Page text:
Near Tikrit. An empty gutted building. My security force has spent the night on the floor awaiting clearance to move forward. The streets are silent save for the yowling of a stray dog and the rattling aluminum sheets and plastic trash bits that resonate with every gust of wind. A retired NCO moves to a small room and returns with a broad smile. He has a small blue propane grill he finds in an adjacent room. He moves to one of our armored vehicles, extracts a bag from a cargo container and returns. He stirs the contents — real US coffee grounds — into boiling water. Another member goes to another vehicle and returns with a packet of white styrofoam cups, and a five pound bag of sugar and powdered flavored cream. The simple word — “ready”, brings us all to the scene. We stand expectedly, anxiously, as the old sergeant organizes the moment. The contents are carefully measured into the cups, and we are silently pointed to them. Another good day begins thanks to an NCO who knows what is important.
The Black Forest of Germany is dark, damp, and close. Under the thick fir and pine canopy, it is almost claustrophobic. To think that divisions of men fought and died under that green is almost unimaginable, but we are here now. It is cold, wet, and almost miserable. We are in what passes for daylight as the sky drips constantly upon us. As the senior man present, people look to me for some indication of actions intended. I go to my jeep and extract the long used squad stove and blackened open pot I have carried since a Captain, now a Colonel. Inside the pot, is my stash of coffee grounds and sugar cubes. While everyone looks questioningly, I proceed to make cowboy coffee — my fallback when the mess hall fails to provide my elixir of choice. I boil the water, throw in the grounds, stir it and take the pot off the flames. After a moment to settle, I use my glove and pour the contents into several eagerly proffered canteen cups. One soldier, my accompanying Captain Liaison officer, savors all this and asks if he can do this tomorrow. Of course. He is a quick learner. I hope he passes the critical skill set on.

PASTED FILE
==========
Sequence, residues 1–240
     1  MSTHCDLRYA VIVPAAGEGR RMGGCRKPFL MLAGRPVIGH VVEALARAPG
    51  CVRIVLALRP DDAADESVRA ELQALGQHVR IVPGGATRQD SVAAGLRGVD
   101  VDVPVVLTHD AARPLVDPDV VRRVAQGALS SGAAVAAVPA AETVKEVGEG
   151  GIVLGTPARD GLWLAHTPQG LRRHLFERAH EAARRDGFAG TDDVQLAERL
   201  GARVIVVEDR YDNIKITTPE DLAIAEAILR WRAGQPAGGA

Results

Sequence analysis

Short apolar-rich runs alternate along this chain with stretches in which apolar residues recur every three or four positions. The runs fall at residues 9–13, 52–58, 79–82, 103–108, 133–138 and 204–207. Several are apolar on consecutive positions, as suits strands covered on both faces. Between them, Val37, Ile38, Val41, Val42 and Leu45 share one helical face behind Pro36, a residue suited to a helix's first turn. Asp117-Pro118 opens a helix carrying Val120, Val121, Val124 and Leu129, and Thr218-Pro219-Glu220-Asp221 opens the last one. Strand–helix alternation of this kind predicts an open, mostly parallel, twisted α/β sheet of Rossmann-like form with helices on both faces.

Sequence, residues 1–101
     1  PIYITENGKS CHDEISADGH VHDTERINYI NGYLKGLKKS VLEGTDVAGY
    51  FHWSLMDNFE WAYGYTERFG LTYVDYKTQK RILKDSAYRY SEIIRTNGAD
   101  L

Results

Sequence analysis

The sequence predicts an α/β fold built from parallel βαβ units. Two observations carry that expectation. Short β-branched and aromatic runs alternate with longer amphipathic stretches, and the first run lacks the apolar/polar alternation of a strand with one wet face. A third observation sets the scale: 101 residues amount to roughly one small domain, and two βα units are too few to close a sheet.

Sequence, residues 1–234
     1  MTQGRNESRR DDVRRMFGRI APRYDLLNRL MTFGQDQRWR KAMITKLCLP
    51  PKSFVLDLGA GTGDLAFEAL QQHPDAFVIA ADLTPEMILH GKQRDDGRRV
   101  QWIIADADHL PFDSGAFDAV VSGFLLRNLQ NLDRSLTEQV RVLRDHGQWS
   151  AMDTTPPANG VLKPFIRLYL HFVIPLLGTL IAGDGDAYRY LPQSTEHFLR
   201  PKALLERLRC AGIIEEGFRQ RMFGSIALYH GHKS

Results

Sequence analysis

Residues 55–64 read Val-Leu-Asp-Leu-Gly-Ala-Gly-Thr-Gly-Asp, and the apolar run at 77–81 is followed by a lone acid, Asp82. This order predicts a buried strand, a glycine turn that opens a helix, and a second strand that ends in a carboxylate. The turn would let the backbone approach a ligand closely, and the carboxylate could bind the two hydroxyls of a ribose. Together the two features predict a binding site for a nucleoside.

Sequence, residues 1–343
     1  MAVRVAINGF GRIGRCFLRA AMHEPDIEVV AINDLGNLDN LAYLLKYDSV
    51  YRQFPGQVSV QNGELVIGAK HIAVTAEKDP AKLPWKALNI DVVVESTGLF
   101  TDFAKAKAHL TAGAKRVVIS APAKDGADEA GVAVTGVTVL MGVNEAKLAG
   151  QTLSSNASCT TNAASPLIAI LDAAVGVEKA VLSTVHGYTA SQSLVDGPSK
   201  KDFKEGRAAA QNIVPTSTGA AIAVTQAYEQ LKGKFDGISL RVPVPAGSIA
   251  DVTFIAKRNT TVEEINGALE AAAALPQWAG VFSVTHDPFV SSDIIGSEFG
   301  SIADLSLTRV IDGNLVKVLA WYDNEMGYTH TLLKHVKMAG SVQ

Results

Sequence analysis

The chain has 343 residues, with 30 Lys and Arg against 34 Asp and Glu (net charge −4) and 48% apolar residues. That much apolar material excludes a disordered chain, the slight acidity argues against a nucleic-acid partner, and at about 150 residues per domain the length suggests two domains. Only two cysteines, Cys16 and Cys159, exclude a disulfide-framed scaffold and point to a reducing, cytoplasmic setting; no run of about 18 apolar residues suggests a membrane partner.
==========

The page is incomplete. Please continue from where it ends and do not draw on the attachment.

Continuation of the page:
Of all the necessary assets and material, a cup of hot coffee competes with ammunition as a crucial soldier commodity.
Col. (Ret.) Keith Nightingale commanded four infantry companies, three battalions, and two brigades. These units included two tours in Vietnam, the Grenada invasion, and several classified counterterrorist operations, among them the Iran rescue attempt. He was a founding member of the 1-75th Rangers as well as one of the original members of what is now Joint Special Operations Command. He is a member of the Ranger Hall of Fame. You may owe him a cup of coffee.